Here we are, ‘Survival Sunday’, this decrepit season’s death rattle.
Either Hull City or Newcastle United will, come tea-time today, have secured their Premier League status for another year despite supporter boycotts, cocaine abuse and managers accusing players of getting themselves sent off deliberately.
Should they both lose, which is likely considering just how absolutely rancid these two teams are, Newcastle’s meagre 36 points will have proved just about enough.
Whereas managers once used to talk of ‘the 40-point mark’ as a some kind of life-giving panacea, it has been four years since a team needed so many to stay up (Wolverhampton Wanderers in 2010/11). Whisper it, but because of declining standards, the number of points needed to stay in Premier League has slowly fallen since the turn of the century.
How do you know that?
We took a look at the final league tables for each year since the division was reduced from a 42-game season to a 38-game season in 1995/96. This allowed us to calculate the probability of avoiding relegation for a series of points totals.
Remember, there are few certainties in football. This data is based simply on past Premier League seasons, none of which have been freak anomalies on the edge of mathematics with teams so bad they lose all but one or two games.
It should be noted that 64 points is the amount needed to absolutely guarantee safety in the division. A club could, however, potentially stay up on a total as low as 6.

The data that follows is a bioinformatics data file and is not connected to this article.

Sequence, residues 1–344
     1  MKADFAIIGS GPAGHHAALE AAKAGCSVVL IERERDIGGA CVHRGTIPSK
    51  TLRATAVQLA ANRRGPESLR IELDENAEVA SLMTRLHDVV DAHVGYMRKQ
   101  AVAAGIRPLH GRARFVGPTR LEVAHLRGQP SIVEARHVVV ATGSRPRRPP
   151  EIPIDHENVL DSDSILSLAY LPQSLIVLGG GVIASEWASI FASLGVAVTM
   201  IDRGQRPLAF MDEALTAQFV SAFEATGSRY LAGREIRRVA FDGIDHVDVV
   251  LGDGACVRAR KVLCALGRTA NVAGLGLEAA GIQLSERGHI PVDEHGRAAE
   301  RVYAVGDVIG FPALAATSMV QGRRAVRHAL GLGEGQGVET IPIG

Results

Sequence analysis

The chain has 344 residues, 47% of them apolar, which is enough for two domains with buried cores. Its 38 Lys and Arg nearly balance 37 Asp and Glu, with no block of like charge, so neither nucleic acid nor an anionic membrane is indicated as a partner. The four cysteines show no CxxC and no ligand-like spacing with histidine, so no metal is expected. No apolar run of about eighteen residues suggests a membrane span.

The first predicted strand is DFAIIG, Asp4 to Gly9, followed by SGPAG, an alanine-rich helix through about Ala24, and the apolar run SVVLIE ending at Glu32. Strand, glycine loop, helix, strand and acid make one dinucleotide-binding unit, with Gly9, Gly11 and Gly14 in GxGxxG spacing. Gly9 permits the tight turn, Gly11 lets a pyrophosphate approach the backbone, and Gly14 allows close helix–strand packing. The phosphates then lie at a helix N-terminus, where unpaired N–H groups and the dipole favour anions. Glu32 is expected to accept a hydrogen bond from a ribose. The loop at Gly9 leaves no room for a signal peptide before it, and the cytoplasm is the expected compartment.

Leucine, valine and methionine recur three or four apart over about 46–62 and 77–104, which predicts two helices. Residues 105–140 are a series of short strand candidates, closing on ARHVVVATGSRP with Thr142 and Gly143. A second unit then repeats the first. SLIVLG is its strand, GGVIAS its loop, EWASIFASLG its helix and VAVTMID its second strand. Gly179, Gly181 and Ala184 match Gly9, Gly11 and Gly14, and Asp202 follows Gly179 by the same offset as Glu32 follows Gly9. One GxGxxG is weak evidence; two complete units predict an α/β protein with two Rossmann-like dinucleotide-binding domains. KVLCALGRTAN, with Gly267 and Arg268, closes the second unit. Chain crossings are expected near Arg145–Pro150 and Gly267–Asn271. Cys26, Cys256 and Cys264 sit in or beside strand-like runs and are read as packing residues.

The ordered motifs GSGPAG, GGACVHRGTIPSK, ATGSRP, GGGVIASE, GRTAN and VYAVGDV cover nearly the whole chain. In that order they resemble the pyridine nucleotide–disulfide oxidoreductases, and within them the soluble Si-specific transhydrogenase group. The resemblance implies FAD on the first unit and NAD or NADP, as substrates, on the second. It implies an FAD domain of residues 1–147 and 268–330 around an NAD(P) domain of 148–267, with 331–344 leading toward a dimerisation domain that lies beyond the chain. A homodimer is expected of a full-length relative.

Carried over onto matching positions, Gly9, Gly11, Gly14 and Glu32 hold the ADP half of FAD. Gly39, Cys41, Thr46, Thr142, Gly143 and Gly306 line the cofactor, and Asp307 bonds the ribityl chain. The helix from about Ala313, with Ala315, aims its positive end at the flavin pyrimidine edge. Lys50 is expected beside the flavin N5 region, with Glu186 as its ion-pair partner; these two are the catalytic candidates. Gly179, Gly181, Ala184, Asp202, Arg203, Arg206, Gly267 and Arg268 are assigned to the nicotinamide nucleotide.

So, how many points does a team need to probably stay up?
First things first, no team since 1995/96 has stayed up with 30 points or less. There’s your minimum standard. In 2009/10, both Hull and Burnley were relegated with 30, ahead of a cash-strapped Portsmouth side who earned only 19.
If, next season, Newcastle’s owner Mike Ashley is particularly eager to pinch the pennies, history suggests he could only invest enough into his side to earn 31 points and still keep them up, but there would be a slim 5.26 per cent chance of success.
At the opposite end of the scale, West Ham United’s 2002/03 side, which slotted young talents like Joe Cole and Jermain Defoe alongside established performers in Paolo di Canio and Frédéric Kanouté did not do enough to stay up despite taking 42 points.
Somebody has to be the unlucky outlier in this dataset and, unfortunately for the Irons, it was them. Based on this information, a side that earns over the traditional target of 40 now has a very healthy 94.74 per cent chance of avoiding the drop.
The most interesting point to take from this information, however, is the jump from 36 points to 37. Whereas the former has only been enough to secure Premier League safety 44.74 per cent of the time, the latter offers a 68.42 per cent chance of survival – above two-thirds.
It might not be a round and even number but maybe 37 points is the new target that managers should aim for when facing a battle at the sharp end of the league table.
Featured image: Homes of Football (Wikipedia)